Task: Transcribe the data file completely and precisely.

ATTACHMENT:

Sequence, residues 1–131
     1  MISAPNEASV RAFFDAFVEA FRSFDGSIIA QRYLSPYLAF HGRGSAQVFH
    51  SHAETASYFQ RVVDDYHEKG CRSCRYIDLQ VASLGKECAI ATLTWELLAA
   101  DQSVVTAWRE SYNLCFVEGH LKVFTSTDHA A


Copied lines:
Sequence, residues 1–131
     1  MISAPNEASV RAFFDAFVEA FRSFDGSIIA QRYLSPYLAF HGRGSAQVFH
    51  SHAETASYFQ RVVDDYHEKG CRSCRYIDLQ VASLGKECAI ATLTWELLAA
   101  DQSVVTAWRE SYNLCFVEGH LKVFTSTDHA A